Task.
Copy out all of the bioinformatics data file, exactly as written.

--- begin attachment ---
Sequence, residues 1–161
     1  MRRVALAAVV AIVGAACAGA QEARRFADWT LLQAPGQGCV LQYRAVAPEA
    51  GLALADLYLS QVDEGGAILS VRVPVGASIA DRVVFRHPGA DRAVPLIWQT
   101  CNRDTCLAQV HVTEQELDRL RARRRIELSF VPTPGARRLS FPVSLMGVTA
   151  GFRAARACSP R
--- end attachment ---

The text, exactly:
Sequence, residues 1–161
     1  MRRVALAAVV AIVGAACAGA QEARRFADWT LLQAPGQGCV LQYRAVAPEA
    51  GLALADLYLS QVDEGGAILS VRVPVGASIA DRVVFRHPGA DRAVPLIWQT
   101  CNRDTCLAQV HVTEQELDRL RARRRIELSF VPTPGARRLS FPVSLMGVTA
   151  GFRAARACSP R